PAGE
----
I have to totally disagree with this sentiment - it keeps the battery cooler which increases longevity, and it lowers the CG of the entire car by moving 30 lbs down a foot or more. Honda hasn't always put their batteries by the passenger firewall either, the 4th gen civic / 2nd gen CRX puts it right behing the radiator, right in harm's way in a front end collision. Chrysler used that very position for all of their "cloud cars", which passed the scrutineering of the NHTSA.



also, to make a lead-acid battery explode takes some serious mishandling versus extremely touchy lithium chemistry. (SLA takes overcharging at 14.8+v for extended periods to evolve enough hydrogen, with the flame arrestors/vents forcefully plugged so they can't relieve the pressure buildup, while the battery is also internally shorted to create an ignition source), even then the end result just ruptures the case and makes a loud noise

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post #1099 of 1269 (permalink) Old 08-12-2015, 08:33 PM Thread Starter
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Turbo:

Got the turbo back today. I had a 6-blade split billet wheel installed, and had it balanced. This compressor wheel looks like a piece of art.

Before I sent it out:









And what it looks like now with the new wheel:





Taking this to the shop, probably tomorrow. Thinking about shooting the compressor housing with silver Duplicolor, the same paint as I used on the engine block.
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post #1100 of 1269 (permalink) Old 08-12-2015, 08:42 PM Thread Starter
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Headlights:

This is purely astetic purposed, as I'm a perfectionist. My OCD was going nuts with the haze that I just can't get out of my old, non-HID headlight assessmblies. Even wet-sanding down to a 600 grit, then 800, 1000, 1200, and finished with a plasitic polish couldn't get them clear enough for me. These took me awhile to locate, namely because I was being picky. Finally found a set being sold in Tokyo. Ordered them last Thursday, and came through customs yesterday, and I pick them up at the post-office tomorrow on my lunch break. These are the HID, 98-spec assemblies. I had a decent HID kit in my old assemblies, but this will have the OEM light cut-off that I'm looking for.

Anyways, here are the old:





And here are the new:




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post #1101 of 1269 (permalink) Old 08-12-2015, 09:13 PM
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Turbo looks awesome!

I think youll need the flame proof paint for the turbo. Im sure the normal engine enamel wont last long on a turbo. I would personally go with a black but thats just me.
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post #1102 of 1269 (permalink) Old 08-12-2015, 10:47 PM Thread Starter
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Quote:
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Turbo looks awesome!

I think youll need the flame proof paint for the turbo. Im sure the normal engine enamel wont last long on a turbo. I would personally go with a black but thats just me.
I have the hot side ceramic coated in black, and thought that maybe it'd be too much black. I've been tossing the idea of doing something different as well. I've had this idea of copper plating the compressor housing, along with the valve cover, with black lettering. I don't see copper motifs used too much.
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post #1103 of 1269 (permalink) Old 08-12-2015, 11:24 PM
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Nice headlights. Those looks so much crispier.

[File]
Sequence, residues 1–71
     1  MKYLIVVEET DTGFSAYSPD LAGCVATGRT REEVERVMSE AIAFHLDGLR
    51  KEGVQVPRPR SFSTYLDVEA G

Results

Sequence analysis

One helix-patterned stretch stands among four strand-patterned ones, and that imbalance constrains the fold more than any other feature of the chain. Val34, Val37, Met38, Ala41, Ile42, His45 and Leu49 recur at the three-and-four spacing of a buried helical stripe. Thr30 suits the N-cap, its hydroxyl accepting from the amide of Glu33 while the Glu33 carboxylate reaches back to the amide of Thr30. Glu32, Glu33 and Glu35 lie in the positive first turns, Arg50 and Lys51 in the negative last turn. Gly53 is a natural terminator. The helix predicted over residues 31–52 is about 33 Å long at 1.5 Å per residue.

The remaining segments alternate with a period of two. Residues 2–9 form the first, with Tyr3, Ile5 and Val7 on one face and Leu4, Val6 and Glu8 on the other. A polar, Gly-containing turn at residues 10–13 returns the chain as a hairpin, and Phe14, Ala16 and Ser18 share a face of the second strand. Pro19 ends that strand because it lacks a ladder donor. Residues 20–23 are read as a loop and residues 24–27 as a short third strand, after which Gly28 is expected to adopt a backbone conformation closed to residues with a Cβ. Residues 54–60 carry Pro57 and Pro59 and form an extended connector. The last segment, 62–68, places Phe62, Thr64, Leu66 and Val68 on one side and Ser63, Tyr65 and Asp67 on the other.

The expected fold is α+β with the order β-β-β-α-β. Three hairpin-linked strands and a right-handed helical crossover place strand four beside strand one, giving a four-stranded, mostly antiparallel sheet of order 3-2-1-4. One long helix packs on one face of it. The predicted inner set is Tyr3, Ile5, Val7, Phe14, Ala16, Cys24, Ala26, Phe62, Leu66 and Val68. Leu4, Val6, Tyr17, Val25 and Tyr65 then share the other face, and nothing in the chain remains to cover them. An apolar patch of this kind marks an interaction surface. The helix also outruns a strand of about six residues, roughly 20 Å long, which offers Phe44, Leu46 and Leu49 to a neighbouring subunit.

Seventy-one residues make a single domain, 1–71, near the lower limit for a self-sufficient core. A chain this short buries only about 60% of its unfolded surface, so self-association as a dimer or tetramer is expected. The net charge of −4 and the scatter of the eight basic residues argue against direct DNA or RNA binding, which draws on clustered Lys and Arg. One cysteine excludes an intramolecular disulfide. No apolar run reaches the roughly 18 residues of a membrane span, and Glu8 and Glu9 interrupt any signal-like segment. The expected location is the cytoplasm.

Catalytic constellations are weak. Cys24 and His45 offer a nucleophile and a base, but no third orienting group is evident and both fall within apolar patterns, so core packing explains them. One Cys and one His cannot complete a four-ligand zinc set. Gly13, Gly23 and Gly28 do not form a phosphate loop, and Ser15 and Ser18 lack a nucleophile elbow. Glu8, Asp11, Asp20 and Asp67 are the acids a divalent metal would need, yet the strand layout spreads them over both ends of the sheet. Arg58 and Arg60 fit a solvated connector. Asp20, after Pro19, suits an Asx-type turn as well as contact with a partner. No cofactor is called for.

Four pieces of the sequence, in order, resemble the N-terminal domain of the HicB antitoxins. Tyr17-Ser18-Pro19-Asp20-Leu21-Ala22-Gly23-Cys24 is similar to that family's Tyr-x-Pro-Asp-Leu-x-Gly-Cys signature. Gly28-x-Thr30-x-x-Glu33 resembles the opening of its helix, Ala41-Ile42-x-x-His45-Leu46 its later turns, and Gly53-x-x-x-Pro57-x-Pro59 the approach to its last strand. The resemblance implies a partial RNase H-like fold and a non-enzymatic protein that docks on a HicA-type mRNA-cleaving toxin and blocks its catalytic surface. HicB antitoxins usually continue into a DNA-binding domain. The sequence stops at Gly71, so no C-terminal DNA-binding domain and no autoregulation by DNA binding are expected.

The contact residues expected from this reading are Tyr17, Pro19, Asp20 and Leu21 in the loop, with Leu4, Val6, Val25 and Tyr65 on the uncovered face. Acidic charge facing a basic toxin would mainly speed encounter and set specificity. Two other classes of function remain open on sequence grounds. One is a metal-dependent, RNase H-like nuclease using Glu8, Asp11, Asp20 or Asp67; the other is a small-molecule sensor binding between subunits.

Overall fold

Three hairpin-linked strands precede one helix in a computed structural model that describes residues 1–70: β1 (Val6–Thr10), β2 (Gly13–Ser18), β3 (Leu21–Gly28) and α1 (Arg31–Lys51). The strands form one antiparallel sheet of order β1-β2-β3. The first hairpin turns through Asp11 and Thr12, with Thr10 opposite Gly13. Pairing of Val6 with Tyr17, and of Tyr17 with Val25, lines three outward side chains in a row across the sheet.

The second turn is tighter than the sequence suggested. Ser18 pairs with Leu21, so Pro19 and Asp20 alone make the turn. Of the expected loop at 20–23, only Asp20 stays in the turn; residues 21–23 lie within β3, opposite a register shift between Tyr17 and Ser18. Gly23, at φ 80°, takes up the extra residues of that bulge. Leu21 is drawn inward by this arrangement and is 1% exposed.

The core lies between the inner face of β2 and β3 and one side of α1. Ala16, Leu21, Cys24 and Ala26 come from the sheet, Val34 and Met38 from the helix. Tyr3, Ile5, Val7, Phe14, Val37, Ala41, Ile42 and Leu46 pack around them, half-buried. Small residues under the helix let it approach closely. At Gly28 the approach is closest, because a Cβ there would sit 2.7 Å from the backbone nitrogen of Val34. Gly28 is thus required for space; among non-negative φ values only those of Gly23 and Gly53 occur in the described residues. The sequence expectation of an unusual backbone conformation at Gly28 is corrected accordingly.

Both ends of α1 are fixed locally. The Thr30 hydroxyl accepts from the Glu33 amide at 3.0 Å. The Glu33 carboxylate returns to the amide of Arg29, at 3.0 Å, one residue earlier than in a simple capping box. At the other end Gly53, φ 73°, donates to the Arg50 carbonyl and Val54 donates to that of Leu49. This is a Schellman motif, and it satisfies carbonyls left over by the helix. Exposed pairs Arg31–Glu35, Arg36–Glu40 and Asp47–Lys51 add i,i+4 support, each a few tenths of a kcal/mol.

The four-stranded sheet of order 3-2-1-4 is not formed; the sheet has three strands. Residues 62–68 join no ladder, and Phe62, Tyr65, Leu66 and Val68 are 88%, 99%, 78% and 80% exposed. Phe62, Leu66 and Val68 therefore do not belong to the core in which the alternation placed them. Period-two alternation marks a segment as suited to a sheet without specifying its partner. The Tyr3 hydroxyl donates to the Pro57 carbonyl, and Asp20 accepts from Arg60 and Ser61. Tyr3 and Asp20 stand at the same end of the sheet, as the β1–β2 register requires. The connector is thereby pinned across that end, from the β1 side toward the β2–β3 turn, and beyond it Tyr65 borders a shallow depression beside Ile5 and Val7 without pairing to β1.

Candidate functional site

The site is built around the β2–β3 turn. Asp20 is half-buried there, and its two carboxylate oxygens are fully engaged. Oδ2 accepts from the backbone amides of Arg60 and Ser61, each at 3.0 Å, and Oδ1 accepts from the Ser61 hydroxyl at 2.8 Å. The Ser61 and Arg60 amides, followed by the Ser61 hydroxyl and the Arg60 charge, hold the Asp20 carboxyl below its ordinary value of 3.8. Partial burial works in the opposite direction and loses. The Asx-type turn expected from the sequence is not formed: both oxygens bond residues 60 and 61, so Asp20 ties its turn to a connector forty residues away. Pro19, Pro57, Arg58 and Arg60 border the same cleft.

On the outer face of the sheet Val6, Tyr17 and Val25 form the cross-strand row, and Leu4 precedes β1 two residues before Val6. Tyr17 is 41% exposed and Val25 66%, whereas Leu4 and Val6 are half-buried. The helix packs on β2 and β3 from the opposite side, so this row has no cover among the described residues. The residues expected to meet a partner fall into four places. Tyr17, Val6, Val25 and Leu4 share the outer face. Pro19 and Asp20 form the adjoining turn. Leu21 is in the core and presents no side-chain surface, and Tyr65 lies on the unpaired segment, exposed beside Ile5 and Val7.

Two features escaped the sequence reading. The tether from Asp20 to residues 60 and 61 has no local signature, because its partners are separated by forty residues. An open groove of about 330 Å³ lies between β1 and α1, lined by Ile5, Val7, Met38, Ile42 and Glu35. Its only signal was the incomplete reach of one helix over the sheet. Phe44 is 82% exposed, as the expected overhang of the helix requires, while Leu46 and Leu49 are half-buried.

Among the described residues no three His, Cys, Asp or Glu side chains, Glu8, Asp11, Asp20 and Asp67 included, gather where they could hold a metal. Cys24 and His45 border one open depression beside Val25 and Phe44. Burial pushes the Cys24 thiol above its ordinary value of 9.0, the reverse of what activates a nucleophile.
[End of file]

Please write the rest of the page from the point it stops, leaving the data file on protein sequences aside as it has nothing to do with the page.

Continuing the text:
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post #1104 of 1269 (permalink) Old 08-14-2015, 02:03 PM Thread Starter
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Cylinder Head:

First of two machine shops complete. Now it's off to get o-ringed:


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post #1105 of 1269 (permalink) Old 08-14-2015, 03:39 PM
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Hmm. I'm assuming the next trip will clean up that surface after the o-ringing? It looks WAY too rough IMO.
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post #1106 of 1269 (permalink) Old 09-10-2015, 09:53 PM Thread Starter
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Between vacations, and beach trips, I haven't had much time to update...so I apologize on the lacking updates.
@dpaton - The machine shop that followed only did the o-ringing, and although the picture above doesn't display the work of the 1st shop, the surface is indeed really smooth. I agree with you, that the picture above doesn't show it well.

Got the new headlights in. And, although the lenses are clear and perfect, the rest of the housings needed some much TLC. Here are some pics showing the grease, rust, and overall condition of the headlights:











As you can see, these were harsh to look at when I got them. Again, the lenses were clear, non-cloudy or hazed, and in perfect condition. The rest of the light needed some love, however.

So, lets do something about that, shall we?

First, I completely dismantled the headlight housing, pulling the internal wiring harness out, and dismantling the attached ballast, and all brackets. Then, I degreased as much as I could, and taped off everything but the back of the lens:







I found that the perfect matched paint for the back of the housing, is standard grey primer. And that's exactly what I used to spray the back of these (I unfortunately didn't get a picture showing the paint after spraying, instead, I have pics of the finished product).

I then purchased new Honda OEM warning labels (2) that typically are attached to the top of the HID ballast bracket. Ordered these from ICBMotorsport.com




Dismantling the wire harness proved to be a pain, but wanted these to be in "like new" condition.

I sprayed all brackets with 4 coats of a base black, attached the labels, and sprayed 5 coats of clear over the brackets and labels. I wanted these to be protected, and not peel from engine bay heat.

Here's the final product. I think both headlights turned out great.